Mining companies must build good relationships with indigenous communities



Date of publication: 
7 March 2011

Toronto – Mining companies must engage constructively with indigenous communities, said ICMM’s Aidan Davy at the second annual Mining, People and the Environment conference held in Toronto today.

He highlighted the importance of developing meaningful relationships at every stage of the decision making process. Companies should be sensitive to traditional decision making structures, but also ensure that they engage those sections of the community that are often excluded, including women and young people.

While acknowledging and respecting Indigenous Peoples’ rights and interests should primarily be seen as an ethical responsibility, there are also strong business reasons for companies to engage in this area.

“It is a complex and sensitive area, where mining companies have not always gotten it right,” he said. “And as we can see from recent cases, getting it wrong can profoundly affect share values and the reputation of the company.”

He also talked about the importance of implementing effective grievance mechanisms to ensure that any concerns can be raised and addressed.

In 2010, ICMM published a guide on Indigenous Peoples and mining, which lays out practical steps for companies to ensure best practices are followed and explores the cost of getting it wrong.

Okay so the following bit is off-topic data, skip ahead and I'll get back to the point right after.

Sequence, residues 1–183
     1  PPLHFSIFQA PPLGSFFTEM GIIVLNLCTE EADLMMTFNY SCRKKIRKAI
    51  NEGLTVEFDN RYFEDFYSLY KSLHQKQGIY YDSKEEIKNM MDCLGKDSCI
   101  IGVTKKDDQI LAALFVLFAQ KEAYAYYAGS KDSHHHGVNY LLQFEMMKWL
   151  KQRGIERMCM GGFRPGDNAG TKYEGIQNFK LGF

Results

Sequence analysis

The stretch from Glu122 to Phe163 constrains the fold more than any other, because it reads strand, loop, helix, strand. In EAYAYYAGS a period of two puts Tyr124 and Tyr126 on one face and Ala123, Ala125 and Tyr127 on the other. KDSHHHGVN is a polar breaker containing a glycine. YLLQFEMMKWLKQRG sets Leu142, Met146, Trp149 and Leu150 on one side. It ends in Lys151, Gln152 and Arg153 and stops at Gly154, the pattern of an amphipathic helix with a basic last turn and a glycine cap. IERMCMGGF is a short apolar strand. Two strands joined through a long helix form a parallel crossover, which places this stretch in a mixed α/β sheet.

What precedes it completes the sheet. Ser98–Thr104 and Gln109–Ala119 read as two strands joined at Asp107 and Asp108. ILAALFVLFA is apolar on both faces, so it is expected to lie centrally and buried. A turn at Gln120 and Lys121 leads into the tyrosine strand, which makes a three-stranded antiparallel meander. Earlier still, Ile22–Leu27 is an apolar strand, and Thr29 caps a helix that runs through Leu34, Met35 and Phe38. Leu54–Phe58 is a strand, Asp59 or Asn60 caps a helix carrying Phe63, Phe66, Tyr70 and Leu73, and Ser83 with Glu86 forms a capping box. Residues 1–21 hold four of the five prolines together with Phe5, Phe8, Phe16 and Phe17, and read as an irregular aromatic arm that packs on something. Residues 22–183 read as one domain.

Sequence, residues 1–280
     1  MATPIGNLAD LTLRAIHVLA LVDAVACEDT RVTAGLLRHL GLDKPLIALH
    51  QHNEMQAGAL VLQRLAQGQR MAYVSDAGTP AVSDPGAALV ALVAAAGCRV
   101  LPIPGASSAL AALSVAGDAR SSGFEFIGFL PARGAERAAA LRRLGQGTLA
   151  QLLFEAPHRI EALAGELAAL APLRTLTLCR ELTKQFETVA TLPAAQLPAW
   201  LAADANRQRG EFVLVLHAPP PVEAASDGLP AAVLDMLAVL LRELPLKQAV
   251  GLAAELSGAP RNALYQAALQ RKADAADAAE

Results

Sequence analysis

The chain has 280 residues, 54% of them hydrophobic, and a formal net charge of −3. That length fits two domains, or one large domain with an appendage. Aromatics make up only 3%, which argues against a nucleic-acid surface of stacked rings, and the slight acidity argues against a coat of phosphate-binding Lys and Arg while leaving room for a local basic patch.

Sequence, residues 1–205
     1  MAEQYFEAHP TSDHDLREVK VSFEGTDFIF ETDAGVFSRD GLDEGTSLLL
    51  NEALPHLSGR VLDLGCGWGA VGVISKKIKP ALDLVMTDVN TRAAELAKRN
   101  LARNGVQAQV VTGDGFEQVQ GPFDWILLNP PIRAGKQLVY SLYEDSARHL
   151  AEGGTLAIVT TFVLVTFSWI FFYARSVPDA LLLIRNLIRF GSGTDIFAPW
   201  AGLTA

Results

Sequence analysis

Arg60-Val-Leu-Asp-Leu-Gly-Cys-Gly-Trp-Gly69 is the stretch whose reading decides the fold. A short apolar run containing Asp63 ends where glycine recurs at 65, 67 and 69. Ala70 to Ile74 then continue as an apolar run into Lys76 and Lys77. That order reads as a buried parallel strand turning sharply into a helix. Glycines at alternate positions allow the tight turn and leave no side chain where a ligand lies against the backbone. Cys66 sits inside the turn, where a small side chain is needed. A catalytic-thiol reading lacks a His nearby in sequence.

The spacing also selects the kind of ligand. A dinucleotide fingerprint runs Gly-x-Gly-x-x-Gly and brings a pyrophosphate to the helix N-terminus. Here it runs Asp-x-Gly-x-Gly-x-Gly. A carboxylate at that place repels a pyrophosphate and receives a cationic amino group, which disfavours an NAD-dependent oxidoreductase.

It was developed through a multi-stakeholder process – with the oversight of an Indigenous Peoples Advisory Group – and is designed to help ICMM member companies (and others) navigate the complexities associated with operating on or near indigenous lands.

The Guide follows the release of a Position Statement on Mining and Indigenous Peoples approved by the ICMM Council of CEOs in May 2008.

“The Guide will support ICMM members to deliver on the progressive commitments outlined in ICMM’s Position Statement on Mining and Indigenous Peoples,” said Mr Davy. “This recognizes that in some instances where legal licence to mine is not matched by a social licence to operate, a decision may be made not to proceed with mining.”

The Mining, People and the Environment conference brings together industry, investors and civil society to discuss best practice in environmental management and corporate social responsibility.

It is organized by Mining Environmental Management magazine, and supported by ICMM and the Prospectors and Developers Association of Canada (PDAC).

About ICMM

The International Council on Mining and Metals (ICMM) was established in 2001 to act as a catalyst for performance improvement in the mining and metals industry. Today, the organization brings together 18 mining and metals companies as well as 30 national and regional mining associations and global commodity associations to address the core sustainable development challenges faced by the industry.

ICMM serves as a change agent – not in areas affecting competitive positioning, but related to our members’ social and environmental responsibilities where collaboration makes sense. Our vision is one of leading companies working together and with others to strengthen the contribution of mining, minerals and metals to sustainable development.

Good Practice Guide: Indigenous Peoples and Mining :
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